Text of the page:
To Bypass a Hydrant or Not?

You are dispatched to a working condo fire with 6 confirmed trapped. Trapped person is 911 caller stating that fire is blocking her families exit and they are trapped on the 2nd floor. You will be first due and second in engine is 6 minutes out. A hydrant is 800 ft away. As the first due engine are you bypassing the hydrant for rescue? Wrapping the plug? Full connection? Passing to next due engine? State your actions and why?



  • slackjawedyokel says:

    quick wrap of the plug

  • Rob says:

    Now this is from a rookie, so someone correct me if I’m wrong, but wouldn’t you bypass the hydrant for rescue and pass this to the next due engine, since preservation of life is paramount? The first truck should get a ladder up to a window where the family is trapped and start getting them down. Once the family is secure, attention can be turned to fighting the fire with available water on the truck until the next due truck grabs the hydrant.

  • mark says:

    How big is “my’ crew?

    Second engine is 6 minutes out, but is there a truck or squad that is closer?

    Once I have the answers, I’ll give my opinion

  • Jack says:

    Never pass a hydrant…If you arrive on scene and a Rescue is obvious, make the grab if not proceed with your Engine Company Functions. Once we get water on the fire, things get much better! Any Rescues in the area of fire attack can be made as to that is where our main life threat would be. Too many times we are faced with an “Entrapment” call and we loose focus of the basics.

  • Ideally I’d like to use the tank (500 gal.) for partial knockdown of fire to allow egress of trapped occ’s. If not feasible, go with another access point (i.e., ground ladder via opposite side of apt.) and dump the deck gun on it. My plan would be something like this:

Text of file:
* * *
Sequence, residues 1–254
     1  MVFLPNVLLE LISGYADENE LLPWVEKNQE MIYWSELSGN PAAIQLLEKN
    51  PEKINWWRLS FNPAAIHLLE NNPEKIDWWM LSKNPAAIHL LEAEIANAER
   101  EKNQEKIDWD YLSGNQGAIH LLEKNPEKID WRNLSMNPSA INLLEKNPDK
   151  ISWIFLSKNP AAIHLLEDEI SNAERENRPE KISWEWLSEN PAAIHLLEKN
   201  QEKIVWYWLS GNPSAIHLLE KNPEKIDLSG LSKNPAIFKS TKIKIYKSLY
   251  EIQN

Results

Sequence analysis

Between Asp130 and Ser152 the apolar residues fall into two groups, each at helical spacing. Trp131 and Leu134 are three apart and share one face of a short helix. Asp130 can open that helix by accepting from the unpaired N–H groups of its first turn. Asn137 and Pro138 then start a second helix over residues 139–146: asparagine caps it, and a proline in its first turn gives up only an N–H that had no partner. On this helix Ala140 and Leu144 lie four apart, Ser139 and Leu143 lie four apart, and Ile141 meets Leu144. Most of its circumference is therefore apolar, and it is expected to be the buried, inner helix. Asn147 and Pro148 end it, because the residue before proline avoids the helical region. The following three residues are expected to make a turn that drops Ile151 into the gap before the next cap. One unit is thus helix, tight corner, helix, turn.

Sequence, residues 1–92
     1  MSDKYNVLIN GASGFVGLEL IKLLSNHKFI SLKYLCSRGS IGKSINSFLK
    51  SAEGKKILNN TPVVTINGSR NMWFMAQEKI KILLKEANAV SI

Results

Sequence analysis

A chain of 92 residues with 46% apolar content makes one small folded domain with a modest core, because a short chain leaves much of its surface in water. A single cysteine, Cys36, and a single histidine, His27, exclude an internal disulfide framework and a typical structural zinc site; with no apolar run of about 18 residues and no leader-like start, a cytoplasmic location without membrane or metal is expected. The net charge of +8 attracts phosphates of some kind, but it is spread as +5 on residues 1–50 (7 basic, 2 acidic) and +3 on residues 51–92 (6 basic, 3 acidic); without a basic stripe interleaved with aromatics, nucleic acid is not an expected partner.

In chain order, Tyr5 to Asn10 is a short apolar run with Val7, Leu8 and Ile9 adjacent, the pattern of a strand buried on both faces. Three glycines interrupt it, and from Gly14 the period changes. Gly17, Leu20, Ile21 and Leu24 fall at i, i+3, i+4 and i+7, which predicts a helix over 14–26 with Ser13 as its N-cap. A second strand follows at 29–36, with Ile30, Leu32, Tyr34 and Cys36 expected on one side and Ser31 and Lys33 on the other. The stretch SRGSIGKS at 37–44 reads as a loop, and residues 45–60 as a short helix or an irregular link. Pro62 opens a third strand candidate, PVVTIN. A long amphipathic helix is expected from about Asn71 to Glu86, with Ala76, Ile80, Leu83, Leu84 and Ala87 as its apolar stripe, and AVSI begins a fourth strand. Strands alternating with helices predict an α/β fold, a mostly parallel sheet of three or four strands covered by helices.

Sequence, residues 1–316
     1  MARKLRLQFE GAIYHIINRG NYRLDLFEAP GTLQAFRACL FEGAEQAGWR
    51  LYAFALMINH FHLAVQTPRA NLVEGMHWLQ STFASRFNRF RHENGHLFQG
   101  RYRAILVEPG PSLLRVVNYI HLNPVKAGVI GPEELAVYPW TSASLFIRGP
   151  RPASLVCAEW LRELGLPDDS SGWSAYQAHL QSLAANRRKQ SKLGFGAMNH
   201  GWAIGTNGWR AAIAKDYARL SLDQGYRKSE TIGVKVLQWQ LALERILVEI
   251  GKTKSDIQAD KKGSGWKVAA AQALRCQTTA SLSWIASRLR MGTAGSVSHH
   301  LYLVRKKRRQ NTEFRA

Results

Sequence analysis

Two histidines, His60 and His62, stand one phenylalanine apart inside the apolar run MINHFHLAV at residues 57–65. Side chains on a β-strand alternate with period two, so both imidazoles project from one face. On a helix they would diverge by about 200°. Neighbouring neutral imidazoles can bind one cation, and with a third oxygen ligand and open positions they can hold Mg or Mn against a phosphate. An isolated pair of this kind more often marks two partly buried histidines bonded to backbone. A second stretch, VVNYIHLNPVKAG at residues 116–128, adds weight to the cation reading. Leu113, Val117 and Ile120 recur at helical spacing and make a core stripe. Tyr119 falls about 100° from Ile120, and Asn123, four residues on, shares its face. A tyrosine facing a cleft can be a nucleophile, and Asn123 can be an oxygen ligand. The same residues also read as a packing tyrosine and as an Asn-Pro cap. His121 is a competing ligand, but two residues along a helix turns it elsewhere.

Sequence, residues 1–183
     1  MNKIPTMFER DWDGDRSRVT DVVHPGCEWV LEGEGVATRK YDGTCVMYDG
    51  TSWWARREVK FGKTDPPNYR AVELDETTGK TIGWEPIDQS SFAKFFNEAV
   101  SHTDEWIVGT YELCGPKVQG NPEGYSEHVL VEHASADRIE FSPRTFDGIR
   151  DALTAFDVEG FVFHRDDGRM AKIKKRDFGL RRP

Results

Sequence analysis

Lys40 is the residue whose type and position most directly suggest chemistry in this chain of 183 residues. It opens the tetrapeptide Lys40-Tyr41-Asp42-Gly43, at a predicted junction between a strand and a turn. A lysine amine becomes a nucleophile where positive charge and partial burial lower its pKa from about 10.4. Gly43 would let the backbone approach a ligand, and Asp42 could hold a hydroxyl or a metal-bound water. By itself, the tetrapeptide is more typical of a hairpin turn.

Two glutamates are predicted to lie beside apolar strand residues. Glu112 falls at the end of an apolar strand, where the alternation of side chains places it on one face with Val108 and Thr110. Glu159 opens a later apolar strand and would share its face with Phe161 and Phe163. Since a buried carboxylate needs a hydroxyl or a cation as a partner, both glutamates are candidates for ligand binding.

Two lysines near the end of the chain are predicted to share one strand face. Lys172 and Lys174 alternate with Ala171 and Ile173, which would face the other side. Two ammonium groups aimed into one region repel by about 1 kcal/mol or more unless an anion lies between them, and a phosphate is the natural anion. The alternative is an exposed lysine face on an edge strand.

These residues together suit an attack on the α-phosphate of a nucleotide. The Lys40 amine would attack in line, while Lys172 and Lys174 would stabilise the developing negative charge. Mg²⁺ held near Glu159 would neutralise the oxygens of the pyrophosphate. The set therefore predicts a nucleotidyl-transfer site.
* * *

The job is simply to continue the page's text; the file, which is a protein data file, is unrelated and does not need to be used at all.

With my standard crew of three (Cap, DE, and FF) and info. given, we’re throwing a quick wrap on the hydrant, and laying in (this way, at least the line’s laid).

    On approach, attempt to quickly size-up and narrow down location of trapped occ’s, while FF stretches for an attempt at knocking down fire blocking victim egress (ideally) and DE throws a quick ladder if feasible/indicated (after handline charged).

    Second-in in my district will be a quint with same staffing, and will proceed in and feed tank to my engine and deploy aerial (DE). Crew will deploy second handline and to help facilitate victim egress or throw ladders, whichever plan is currently under way.

    Third-in will establish continuous water (dress, open, and relay from hydrant). Cap and FF will proceed in with tools to assist where needed.

    Nate Quartier
    E-93 “B”
    Ormond Beach FD

  • Rob,

    You’re thinking is along the right lines, but a ladder might not be the best option for getting them out. Taking 6 occupants out via ground ladder is going to be a bigger job and take longer than one might think.

    Life safety IS paramount, but remember the saying that “a well-placed hoseline saves more lives than any other tactic on the firegorund.”

    Granted, the fire in the pic isn’t likely to be put out with tank water, but you may be able to hit it hard and fast with your tank water in an effort to get them out via normal egress.

    Just food for thought. Nice to see newer FFs getting involved and engaged on sites like this.

    Also, kudos to the brothers behind this site. I just found it via a link from another site and am glad I found it (wish I had sooner)! Good, quick posts/tips to get you thinking (and it’s cool to see something like this coming out of my neck of the woods.)

    Nate Quartier
    E-93 “B”

  • Billy Bob says:

    Our SOG is to go directly in and start rescue. The next engine in will catch the hydrant and lay the line.

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